First up is the Visitor Centre at New Lanark World Heritage Site. New Lanark is an 18th century cotton spinning mill village which became famous under the enlightened management of Robert Owen. In 2001 the village was recognised as a UNESCO World Heritage Site of ‘outstanding universal value’. Today visitors can learn about the fascinating industrial heritage and social history of the village through our award-winning Visitor Centre. Attractions in the Visitor Centre include the Annie McLeod Experience Ride (which takes you back in time!), the Roof Garden, Working textile machinery (where we now produce New Lanark wool), Housing Exhibits, the School for Children and the Village Store – complete with retro sweeties! We have a range of facilities on-site including the Mill Café, outdoor picnic & play areas, WiFi in selected areas, free accessible toilets & baby change and a beautiful Mill Shop which sells a range of gifts, homeware, clothing, books, accessories and of course, New Lanark wool! For those who love the great outdoors our village is situated on the banks of the River Clyde, and is the gateway to the Falls of Clyde Wildlife Reserve which is home to the famous Falls of Clyde waterfalls. Enjoy a woodland walk to see the Falls and then return to the village to enjoy a New Lanark Ice Cream – made on site!

During the summer months we offer a programme of fun craft workshops for kids and daily guided tours of the village. To find out more about visiting please visit our website at www.newlanark.org or feel free to contact us with any enquiries at [email protected] / 01555 661345.

#schoolhouse #robertowen #newlanark #lanark #iphone6s #dji

A photo posted by Graeme McLeish (@graememcleish) on

Rawr! Monster on the loose… #toddlerlife #newlanark #interactivegallery #fridayfun

A photo posted by Lorna Jamieson (@graciesmummy123) on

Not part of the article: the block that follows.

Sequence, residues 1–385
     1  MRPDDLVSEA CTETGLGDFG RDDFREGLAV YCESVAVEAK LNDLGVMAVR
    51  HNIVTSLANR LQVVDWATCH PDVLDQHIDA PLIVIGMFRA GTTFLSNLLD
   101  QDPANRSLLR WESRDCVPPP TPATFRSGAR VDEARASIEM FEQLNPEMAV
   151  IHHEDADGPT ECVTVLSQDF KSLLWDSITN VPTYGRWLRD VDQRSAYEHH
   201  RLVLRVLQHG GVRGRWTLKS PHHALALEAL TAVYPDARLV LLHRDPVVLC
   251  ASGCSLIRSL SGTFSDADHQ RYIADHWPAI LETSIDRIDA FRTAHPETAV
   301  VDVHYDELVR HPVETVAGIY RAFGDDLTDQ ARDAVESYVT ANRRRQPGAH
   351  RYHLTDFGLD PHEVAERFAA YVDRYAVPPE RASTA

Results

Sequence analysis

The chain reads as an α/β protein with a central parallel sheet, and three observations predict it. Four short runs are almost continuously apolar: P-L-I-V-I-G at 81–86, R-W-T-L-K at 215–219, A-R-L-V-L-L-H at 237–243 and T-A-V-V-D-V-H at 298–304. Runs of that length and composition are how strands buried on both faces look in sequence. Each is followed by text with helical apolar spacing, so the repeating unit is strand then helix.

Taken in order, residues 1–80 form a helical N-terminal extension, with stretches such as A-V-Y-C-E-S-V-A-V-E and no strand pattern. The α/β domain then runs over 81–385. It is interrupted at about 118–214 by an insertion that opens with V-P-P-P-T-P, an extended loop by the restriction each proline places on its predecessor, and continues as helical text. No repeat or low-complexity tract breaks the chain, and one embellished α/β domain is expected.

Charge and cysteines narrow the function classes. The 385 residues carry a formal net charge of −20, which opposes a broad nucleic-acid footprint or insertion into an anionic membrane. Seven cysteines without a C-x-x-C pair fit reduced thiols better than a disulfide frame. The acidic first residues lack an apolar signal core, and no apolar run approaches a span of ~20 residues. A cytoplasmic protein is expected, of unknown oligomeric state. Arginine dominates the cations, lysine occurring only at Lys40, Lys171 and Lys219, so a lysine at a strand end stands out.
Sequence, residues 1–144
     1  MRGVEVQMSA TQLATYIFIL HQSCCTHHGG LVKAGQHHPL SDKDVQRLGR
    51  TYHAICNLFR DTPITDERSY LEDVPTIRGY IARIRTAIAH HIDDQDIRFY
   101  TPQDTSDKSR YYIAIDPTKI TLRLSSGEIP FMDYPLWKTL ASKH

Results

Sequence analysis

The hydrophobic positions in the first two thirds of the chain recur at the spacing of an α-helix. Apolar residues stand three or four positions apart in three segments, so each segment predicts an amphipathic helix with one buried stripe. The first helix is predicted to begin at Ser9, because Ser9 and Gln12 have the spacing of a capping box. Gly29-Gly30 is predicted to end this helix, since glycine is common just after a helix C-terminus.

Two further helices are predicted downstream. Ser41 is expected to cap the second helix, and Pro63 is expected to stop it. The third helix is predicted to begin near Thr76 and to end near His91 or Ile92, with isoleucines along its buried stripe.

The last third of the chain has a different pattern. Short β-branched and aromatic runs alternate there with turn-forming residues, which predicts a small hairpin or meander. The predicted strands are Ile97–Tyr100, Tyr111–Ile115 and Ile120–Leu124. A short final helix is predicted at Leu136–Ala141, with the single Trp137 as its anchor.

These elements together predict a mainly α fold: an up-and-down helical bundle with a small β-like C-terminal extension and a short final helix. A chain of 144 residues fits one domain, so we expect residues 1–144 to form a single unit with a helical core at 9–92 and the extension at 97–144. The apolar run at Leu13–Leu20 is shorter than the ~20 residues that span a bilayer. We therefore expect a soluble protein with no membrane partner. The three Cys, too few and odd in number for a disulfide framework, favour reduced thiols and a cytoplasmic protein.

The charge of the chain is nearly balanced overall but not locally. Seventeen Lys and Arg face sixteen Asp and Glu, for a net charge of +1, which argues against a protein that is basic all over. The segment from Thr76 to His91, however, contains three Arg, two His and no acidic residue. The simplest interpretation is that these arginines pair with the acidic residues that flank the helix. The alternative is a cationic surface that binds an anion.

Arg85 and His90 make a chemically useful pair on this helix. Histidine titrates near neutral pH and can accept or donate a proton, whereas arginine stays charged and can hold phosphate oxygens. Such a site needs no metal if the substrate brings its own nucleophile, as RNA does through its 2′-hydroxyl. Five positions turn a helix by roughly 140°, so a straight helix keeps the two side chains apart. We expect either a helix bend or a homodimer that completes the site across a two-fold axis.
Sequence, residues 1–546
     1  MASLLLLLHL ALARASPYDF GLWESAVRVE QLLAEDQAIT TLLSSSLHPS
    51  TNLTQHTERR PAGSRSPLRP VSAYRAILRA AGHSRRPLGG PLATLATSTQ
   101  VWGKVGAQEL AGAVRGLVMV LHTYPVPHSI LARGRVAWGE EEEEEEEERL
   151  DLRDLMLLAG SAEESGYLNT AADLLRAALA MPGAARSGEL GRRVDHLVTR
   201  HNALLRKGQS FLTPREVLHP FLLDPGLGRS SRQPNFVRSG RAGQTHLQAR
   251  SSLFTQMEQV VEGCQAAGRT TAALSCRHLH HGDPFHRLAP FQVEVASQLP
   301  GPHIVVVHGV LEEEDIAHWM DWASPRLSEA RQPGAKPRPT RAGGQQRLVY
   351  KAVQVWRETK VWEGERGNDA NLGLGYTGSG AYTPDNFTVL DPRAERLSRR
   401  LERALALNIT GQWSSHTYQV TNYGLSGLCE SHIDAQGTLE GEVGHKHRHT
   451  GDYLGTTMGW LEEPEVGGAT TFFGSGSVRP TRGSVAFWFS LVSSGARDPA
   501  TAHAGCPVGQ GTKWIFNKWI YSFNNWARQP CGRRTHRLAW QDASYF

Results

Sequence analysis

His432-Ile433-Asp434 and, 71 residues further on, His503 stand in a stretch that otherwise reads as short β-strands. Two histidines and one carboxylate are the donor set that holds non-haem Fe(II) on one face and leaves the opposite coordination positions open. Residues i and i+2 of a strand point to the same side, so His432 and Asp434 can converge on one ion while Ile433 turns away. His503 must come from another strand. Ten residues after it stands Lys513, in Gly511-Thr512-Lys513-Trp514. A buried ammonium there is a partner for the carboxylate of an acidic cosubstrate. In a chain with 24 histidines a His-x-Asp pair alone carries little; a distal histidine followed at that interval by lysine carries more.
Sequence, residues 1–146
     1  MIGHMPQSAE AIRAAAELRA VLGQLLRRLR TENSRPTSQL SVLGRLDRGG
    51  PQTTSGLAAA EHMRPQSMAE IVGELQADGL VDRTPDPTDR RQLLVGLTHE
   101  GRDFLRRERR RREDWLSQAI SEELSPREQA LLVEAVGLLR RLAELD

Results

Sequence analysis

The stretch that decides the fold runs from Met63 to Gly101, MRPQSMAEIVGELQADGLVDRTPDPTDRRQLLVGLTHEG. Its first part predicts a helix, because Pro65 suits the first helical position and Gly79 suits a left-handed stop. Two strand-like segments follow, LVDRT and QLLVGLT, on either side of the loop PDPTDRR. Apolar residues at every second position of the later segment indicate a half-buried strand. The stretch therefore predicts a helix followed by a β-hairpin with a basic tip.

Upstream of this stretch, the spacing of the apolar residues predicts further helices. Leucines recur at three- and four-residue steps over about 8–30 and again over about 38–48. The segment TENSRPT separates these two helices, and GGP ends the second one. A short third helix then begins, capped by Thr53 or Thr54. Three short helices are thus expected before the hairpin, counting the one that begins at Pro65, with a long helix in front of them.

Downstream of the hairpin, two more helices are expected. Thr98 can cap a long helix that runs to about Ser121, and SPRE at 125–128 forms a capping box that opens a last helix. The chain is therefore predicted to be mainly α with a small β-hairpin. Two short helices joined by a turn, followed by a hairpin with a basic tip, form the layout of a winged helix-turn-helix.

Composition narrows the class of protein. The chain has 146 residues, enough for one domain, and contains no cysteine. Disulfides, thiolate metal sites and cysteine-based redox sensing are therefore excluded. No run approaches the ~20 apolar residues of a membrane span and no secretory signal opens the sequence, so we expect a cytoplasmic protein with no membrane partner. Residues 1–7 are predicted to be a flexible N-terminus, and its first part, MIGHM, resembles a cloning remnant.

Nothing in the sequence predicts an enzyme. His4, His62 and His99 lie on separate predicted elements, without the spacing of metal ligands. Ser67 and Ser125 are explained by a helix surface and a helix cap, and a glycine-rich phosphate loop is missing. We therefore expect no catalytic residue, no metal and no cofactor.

Pittencrief Park 

There are three seperate play areas at Pittencrief Park in Dunfermline! This public park of outstanding quality was gifted to the people of Dunfermline by Andrew Carnegie, the Scottish born American industrialist and philanthropist. There you can also enjoy woodland trails, nature spotting, green houses and the Rubbings Trail. Don’t forget to look out for the resident peacocks!

Pittencrief Park

Photo credit: Fife Council Flickr

 

Scotland Street School Museum 

Scotland Street School is a must-see for fans of Charles Rennie Mackintosh and tells the story of education in Scotland from the late 19th century to the late 20th century. In telling the story of education during this time, Scotland Street School Museum offers a fascinating glimpse into the past. Find out what school days were like in the reign of Queen Victoria, during World War II, and in the 1950s and 60s, in the three reconstructed classrooms.

Photo credit: Glasgow Life website

Scotland Street School

Glasgow Science Centre

The Glasgow Science Centre is home to hundreds of interactive exhibits throughout the three engaging floors of the Science Mall. There’s also Scotland’s biggest IMAX Cinema, the Glasgow Tower and a programme of fascinating live shows.

Photo credit: Expedia

Photo credit: Expedia

David Livingstone Centre

The David Livingstone Centre is a child-friendly museum with hands-on exhibits and packed with items relating to David Livingstone’s explorations in Africa. The museum is set in 20 acres of parkland and gardens overlooking the River Clyde with woodland walks, a play park and a Nature Explorers Club that runs once a month on Saturday mornings. A shop and cafe might tempt you and these plus the grounds are free to visit.

David Livingstone Centre

Photo credit: the National Trust for Scotland website

 

With all of these great locations on your doorstep there’s more than enough to keep the grandchildren entertained this summer! If you’d like to find out more about visiting New Lanark, and our programme of tours and craft workshops over the summer please visit: www.newlanark.org, call us on 01555 661345 or email [email protected]

Melissa – New Lanark Marketing and PR Officer

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New Lanark World Heritage Site Aerial View

New Lanark is a beautifully restored 18th century cotton mill village in Scotland, and is one of Scotland's six UNESCO World Heritage Sites.

On our blog you'll find a behind-the-scenes look at all the latest news, events, stories and general 'goings-on' from New Lanark World Heritage Site.